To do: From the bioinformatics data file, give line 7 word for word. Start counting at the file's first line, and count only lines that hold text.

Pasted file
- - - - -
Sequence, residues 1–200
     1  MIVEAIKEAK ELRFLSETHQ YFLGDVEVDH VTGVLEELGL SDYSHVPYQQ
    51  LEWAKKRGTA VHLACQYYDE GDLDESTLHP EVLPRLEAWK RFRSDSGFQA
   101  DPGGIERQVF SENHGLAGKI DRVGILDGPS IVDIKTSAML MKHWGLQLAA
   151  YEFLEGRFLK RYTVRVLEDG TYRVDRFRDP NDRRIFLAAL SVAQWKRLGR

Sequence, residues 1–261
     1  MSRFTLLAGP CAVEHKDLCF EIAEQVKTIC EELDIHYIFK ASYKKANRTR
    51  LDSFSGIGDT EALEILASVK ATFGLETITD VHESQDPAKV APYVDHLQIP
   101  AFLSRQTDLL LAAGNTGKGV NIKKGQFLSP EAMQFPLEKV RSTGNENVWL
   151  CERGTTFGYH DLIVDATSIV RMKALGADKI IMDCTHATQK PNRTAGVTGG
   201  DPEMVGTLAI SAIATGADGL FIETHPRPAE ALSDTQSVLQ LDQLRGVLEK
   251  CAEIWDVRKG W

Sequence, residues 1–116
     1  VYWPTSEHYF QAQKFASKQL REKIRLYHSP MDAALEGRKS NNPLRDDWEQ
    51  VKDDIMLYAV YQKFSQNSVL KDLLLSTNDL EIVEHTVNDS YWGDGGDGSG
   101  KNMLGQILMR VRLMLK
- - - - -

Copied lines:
     1  MSRFTLLAGP CAVEHKDLCF EIAEQVKTIC EELDIHYIFK ASYKKANRTR